Amidst all of the uncertainty that the coronavirus pandemic has raised, Macy's Chief Executive Jeff Gennette is sure of one thing: The retailer's sales will be more "modest" for some time as it emerges from this crisis.
"We are going to emerge out of this as a smaller company," Gennette said Thursday afternoon during a virtual fireside chat with Gordon Haskett analyst Chuck Grom. "We don't really know what the ramp back looks like."
Macy's is, meantime, already planning to see lower volume this holiday season, in part because millions of Americans are now unemployed and without paychecks. Gennette also expects its hundreds of department stores and specialty shops, including Bloomingdale's and Bluemercury, to reopen in phases.
Macy's shares were recently down about 7%, following the conversation with Gordon Haskett's Grom. The stock has fallen more than 66% this year. Macy's has a market value of about $1.8 billion.
Each of America's department store chains — including Macy's — has been grappling with plunging sales, as nonessential retailers' bricks-and-mortar stores were forced shut last month to try to help curb the spread of the Covid-19 virus. E-commerce revenue has not been enough to make up for losses elsewhere.
"This is a liquidity crisis of enormous consequences," Mark Cohen, former Sears Canada CEO, recently told CNBC.
Macy's management team on Thursday walked analysts through the retailer's plans to reopen its stores, which have been shut due to the pandemic since March 18. It will open 68 locations Monday, in states including South Carolina and Georgia, where local lockdown restrictions have been loosened. It plans to have all of its locations reopened over the next six to eight weeks, provided Covid-19 infection rates continue to taper off.
It will be putting precautions in place such as limiting the number of open fitting rooms and mandating store workers wear cloth masks. "Social distancing will be the norm in all locations for the foreseeable future," it said.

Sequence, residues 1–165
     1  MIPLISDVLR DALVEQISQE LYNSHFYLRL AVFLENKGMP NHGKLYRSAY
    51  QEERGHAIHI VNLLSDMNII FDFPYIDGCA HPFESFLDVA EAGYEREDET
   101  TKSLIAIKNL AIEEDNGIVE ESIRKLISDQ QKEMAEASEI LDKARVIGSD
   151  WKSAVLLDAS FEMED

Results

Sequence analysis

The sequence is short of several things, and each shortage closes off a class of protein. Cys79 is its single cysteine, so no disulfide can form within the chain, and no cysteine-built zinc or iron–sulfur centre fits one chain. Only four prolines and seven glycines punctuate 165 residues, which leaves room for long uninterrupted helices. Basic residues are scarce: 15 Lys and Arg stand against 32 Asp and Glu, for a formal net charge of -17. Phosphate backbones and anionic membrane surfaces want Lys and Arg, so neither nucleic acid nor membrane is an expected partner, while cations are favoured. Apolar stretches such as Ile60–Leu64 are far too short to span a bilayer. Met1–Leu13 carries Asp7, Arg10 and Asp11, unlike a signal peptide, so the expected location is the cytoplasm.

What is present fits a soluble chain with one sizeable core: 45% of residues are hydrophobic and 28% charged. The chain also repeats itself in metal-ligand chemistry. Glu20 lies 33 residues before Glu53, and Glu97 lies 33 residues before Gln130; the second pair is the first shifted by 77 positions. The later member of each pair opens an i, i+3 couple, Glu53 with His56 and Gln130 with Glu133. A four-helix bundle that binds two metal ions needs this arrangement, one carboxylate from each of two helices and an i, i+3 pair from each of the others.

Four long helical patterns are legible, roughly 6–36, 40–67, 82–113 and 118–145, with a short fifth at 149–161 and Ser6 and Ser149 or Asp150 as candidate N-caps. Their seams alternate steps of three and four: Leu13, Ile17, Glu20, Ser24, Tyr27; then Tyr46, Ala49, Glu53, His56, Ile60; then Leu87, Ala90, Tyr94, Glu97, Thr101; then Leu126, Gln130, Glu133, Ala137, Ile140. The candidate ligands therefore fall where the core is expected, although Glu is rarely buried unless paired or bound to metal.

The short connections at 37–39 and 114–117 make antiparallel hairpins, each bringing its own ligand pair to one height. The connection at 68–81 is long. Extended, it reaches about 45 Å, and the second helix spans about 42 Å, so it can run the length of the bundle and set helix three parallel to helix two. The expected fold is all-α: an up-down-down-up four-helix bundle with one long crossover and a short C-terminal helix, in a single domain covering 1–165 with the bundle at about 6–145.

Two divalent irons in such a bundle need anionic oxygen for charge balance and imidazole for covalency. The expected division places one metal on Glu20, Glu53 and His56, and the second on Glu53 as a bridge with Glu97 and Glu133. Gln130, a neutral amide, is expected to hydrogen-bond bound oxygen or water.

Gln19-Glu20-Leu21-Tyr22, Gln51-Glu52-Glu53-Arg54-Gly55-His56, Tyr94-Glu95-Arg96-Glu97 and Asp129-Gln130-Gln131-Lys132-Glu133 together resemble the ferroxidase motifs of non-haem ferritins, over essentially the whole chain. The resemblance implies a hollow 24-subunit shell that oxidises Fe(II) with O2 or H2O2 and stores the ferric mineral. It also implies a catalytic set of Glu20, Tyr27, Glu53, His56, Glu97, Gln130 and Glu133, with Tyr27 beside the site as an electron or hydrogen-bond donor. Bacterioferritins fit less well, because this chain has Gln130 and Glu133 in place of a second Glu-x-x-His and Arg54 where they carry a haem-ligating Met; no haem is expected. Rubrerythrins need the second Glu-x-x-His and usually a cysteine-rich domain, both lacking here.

Still, shoppers likely will not be back in droves. Gennette said Macy's is forecasting a "gradual sales recovery" at its stores.
Ahead of the virus slamming the U.S. economy and drastically changing the retail landscape, Macy's in February announced it planned to shut 125 locations over the next three years.
When asked about any changes to that plan, Gennette said Thursday the company is still "debating" whether or not it will accelerate its rate of store closures. Right now, "that  still makes sense for us," the CEO said.
Meantime, Chief Financial Officer Paula Price told analysts Thursday that Macy's is well into the financing process to raise debt, to come up with additional liquidity. CNBC had previously reported that Macy's was weighing raising as much as $5 billion in debt to weather the coronavirus crisis.
"We have been engaged in this process for a while," Price said. "We have identified lead banks. ... [We're] confident we will have a deal closed and funded well in advance of when we need additional liquidity."
Macy's strongest assets, to use as collateral to raise the debt, include its inventory and unencumbered real estate, according to Price.
Macy's still has close to the full $1.5 billion on hand that it pulled down last month from its credit revolver, she said. The department store chain has been able to delay monthly rent payments with some of its landlords, Price added. This is just one of the measures the company has taken to preserve cash.
The biggest U.S. mall owner, Simon Property Group, is preparing to open 49 of its malls and outlet centers, starting as soon as this Friday. Macy's has a number of stores within those malls.
Price, notably, is set to depart Macy's effective May 31, the company previously announced. It has yet to name her replacement.
CNBC's Lauren Hirsch contributed to this report.